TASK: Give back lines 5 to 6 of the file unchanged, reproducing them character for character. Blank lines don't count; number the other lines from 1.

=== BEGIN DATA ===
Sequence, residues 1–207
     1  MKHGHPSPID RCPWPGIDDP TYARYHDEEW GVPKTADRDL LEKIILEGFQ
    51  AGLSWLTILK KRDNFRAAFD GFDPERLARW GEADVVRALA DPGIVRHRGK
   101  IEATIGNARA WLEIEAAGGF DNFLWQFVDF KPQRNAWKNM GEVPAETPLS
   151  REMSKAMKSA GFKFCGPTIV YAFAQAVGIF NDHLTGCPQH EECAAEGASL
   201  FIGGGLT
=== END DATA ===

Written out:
   151  REMSKAMKSA GFKFCGPTIV YAFAQAVGIF NDHLTGCPQH EECAAEGASL
   201  FIGGGLT